How do the mainstream migration and development scholars differ from open borders advocates in their views and in their rhetorical emphasis?

In general, mainstream scholars of migration and development are quite similar to the mainstream moderate pro-immigration people John Lee described. In some respects, however, the scholars of migration and development come closer to the open borders position. In particular, compared to mainstream pro-immigration people, and perhaps even compared to some open borders advocates, they differ in these respects:

  • They have a clearer understanding of what poverty and wealth mean, and how rich and poor people are in different parts of the world. And they confront these facts on a regular basis in their work, so it’s harder for them to simply brush these under the carpet. Even somebody like Paul Collier, who wrote the book Exodus that took a lukewarm stance to migration, showed clear understanding and concern about just how big the differences in living standards are.
  • Even if they don’t use the term, they understand the concept of the place premium — the idea that an individual can improve his or her earnings just by crossing borders, with no change in skills, and that much of this improvement is attributable to differences in the value of what the person produces rather than a result of labor legislation or government redistribution.
  • They understand that governments often pander to nativist, citizenist, and territorialist sentiments to an extent that goes beyond what they think is morally appropriate, and also that the sentiments they are pandering to often rely on misguided economic logic. They themselves personally lean more universalist, sometimes in the additive utilitarian sense, sometimes in the egalitarian sense.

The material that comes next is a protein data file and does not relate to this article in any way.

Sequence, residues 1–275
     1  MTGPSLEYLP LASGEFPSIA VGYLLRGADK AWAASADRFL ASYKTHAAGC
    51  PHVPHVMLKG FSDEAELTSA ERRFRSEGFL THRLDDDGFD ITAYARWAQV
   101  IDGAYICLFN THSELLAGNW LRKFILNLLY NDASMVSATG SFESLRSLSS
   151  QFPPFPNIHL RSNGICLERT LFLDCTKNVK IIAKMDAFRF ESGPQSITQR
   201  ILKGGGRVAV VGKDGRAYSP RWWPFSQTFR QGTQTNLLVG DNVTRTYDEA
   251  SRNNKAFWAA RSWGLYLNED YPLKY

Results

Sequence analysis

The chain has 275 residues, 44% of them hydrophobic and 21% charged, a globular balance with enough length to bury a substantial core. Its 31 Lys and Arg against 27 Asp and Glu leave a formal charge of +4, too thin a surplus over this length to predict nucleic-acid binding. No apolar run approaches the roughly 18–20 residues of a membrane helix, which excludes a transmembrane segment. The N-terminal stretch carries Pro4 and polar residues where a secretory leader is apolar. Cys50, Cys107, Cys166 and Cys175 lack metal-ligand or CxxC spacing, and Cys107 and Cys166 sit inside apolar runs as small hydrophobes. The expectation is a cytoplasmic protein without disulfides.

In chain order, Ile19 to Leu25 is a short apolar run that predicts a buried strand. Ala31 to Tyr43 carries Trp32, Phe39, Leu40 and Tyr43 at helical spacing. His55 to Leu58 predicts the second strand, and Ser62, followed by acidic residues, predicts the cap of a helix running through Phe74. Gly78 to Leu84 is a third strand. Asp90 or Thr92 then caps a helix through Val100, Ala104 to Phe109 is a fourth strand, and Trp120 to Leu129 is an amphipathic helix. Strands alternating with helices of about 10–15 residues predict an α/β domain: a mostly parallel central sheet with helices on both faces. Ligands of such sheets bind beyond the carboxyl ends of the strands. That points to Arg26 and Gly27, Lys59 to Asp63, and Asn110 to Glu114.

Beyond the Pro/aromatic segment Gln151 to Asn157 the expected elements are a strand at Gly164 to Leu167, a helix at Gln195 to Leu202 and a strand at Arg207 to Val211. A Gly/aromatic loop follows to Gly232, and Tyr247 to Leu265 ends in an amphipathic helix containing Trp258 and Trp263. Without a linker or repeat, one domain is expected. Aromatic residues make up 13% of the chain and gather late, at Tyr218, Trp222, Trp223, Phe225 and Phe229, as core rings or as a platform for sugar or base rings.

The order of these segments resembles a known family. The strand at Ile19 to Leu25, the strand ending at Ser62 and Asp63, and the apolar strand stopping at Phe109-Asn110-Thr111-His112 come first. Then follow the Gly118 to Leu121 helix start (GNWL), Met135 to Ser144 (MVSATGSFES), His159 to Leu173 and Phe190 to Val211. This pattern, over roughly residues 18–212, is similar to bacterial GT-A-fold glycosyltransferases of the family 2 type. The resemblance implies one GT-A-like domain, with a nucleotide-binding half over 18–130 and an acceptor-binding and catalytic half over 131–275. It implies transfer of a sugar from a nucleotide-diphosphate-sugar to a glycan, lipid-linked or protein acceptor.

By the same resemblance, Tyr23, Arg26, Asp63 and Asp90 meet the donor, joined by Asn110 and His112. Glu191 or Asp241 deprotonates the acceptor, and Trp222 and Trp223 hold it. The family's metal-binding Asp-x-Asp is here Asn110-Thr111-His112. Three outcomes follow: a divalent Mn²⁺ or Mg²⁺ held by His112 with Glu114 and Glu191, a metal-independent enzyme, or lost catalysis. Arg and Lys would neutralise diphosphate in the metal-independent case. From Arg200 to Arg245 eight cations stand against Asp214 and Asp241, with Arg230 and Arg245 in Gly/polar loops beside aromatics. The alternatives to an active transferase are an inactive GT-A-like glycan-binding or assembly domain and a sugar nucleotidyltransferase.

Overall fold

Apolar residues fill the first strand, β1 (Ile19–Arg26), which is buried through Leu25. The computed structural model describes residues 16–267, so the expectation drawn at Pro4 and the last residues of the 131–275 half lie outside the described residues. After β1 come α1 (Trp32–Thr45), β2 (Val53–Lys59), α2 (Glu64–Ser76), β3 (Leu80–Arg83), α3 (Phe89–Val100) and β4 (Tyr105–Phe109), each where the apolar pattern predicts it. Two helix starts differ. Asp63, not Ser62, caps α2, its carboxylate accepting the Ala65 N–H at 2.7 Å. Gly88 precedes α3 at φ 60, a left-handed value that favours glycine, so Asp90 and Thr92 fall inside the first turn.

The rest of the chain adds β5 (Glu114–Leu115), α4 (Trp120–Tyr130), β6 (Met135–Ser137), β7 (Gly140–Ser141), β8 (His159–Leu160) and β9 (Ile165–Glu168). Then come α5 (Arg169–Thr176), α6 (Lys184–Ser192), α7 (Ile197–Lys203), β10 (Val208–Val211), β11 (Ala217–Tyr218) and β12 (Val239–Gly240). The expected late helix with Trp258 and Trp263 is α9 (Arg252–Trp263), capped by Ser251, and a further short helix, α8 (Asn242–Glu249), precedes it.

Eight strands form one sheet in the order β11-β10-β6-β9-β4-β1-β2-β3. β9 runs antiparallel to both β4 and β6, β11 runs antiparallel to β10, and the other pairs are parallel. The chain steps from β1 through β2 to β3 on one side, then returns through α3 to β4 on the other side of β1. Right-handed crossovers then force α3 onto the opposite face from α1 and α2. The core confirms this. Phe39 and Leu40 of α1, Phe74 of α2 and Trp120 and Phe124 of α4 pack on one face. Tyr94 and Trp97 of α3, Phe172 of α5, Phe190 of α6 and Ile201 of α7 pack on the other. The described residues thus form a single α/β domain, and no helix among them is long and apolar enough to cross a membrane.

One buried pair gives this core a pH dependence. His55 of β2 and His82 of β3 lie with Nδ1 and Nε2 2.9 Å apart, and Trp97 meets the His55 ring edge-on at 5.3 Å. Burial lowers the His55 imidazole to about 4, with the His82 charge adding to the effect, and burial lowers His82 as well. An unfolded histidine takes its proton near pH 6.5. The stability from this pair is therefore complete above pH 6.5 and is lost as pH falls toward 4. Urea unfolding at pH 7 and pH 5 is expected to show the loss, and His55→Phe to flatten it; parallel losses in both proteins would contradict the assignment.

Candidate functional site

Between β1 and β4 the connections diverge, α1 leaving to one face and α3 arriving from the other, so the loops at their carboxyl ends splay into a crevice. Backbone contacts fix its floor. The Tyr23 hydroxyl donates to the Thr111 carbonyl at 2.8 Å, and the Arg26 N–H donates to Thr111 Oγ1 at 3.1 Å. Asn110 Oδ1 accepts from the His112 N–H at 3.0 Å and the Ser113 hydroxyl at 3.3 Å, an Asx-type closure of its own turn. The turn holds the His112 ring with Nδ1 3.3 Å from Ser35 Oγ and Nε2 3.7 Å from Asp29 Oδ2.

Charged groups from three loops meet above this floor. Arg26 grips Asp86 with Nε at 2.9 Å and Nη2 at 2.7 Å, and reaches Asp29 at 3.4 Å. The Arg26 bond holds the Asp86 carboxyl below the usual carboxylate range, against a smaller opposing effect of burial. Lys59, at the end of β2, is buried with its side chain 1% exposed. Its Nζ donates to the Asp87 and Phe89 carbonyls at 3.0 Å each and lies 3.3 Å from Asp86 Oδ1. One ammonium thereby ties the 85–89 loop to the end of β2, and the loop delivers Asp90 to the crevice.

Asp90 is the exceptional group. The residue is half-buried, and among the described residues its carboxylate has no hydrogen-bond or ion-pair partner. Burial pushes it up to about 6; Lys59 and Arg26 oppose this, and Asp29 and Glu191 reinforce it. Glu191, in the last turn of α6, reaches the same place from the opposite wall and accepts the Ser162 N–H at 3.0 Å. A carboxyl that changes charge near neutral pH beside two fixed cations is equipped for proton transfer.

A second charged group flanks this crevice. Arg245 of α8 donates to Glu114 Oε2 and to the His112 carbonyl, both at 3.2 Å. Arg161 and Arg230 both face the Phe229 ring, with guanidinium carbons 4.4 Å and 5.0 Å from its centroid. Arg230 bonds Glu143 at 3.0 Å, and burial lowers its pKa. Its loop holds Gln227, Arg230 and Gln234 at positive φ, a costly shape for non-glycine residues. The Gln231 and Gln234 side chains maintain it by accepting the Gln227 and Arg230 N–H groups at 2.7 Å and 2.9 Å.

• Even if they’re not themselves libertarians, the libertarian argument in favor of the right to migrate is something that stands out to them more than it does to moderate pro-immigration folks who haven’t thought much about international development. To them, it’s not just an armchair hypothetical. They are also aware of arguments based on human capabilities, even if they haven’t encountered the explicit framework.

On the other hand, they still differ from us “tear down the borders” folks:

  • Their more laser-like focus on poverty alleviation can make them seem somewhat lacking in moral qualms as they discuss issues of optimal migration policy, even when they favor freer migration.
  • Even when they do favor dismantling border controls or other regulations, they’ll frame it in language that suggests more government management of migration. For instance, a concrete recommendation like “get rid of Know Your Customer regulations that forbid migrants from opening bank accounts” would be framed as “facilitate migrant access to banking through reform in Know Your Customer regulations.”
  • Many of their recommendations are focused on strengthening existing patterns of migration that already exist, rather than on loosening border controls that could facilitate new patterns of migration. This may be partly because they’re too anchored to the status quo to consider radical changes. More defensibly, diaspora dynamics suggests that it’s easier to facilitate the expansion of existing migration patterns than create new ones.